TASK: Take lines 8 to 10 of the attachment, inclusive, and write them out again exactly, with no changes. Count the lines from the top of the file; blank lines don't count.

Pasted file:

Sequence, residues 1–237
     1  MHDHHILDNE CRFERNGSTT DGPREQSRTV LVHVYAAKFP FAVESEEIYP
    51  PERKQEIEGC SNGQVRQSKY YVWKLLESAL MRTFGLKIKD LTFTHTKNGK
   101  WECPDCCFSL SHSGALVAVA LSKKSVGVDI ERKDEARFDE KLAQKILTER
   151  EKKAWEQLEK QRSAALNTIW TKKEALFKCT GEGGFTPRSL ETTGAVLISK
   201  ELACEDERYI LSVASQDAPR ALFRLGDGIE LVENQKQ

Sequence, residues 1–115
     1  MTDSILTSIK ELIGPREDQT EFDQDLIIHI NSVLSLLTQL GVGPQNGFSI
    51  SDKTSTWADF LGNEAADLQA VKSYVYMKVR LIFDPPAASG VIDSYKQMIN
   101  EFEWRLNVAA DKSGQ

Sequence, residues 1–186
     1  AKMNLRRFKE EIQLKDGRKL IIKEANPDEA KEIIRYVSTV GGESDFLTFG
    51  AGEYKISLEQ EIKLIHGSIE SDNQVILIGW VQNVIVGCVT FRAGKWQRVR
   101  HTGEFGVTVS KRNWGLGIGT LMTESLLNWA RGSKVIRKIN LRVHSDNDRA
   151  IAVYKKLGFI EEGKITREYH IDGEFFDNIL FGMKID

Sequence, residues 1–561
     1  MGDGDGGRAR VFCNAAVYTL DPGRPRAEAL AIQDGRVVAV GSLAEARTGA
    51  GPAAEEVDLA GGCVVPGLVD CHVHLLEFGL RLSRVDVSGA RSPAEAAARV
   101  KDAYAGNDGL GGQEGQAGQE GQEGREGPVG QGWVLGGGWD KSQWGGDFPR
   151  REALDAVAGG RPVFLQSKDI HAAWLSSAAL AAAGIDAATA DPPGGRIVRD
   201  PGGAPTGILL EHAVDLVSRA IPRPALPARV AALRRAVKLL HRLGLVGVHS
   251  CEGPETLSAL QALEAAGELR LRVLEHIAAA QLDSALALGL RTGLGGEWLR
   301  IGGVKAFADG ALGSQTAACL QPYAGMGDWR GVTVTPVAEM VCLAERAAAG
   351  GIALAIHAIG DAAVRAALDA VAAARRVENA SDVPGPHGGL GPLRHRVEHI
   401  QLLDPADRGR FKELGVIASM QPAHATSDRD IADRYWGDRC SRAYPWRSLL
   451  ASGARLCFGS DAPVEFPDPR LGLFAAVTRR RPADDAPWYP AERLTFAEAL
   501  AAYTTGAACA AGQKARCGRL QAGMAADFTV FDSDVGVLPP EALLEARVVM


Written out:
     1  MTDSILTSIK ELIGPREDQT EFDQDLIIHI NSVLSLLTQL GVGPQNGFSI
    51  SDKTSTWADF LGNEAADLQA VKSYVYMKVR LIFDPPAASG VIDSYKQMIN
   101  EFEWRLNVAA DKSGQ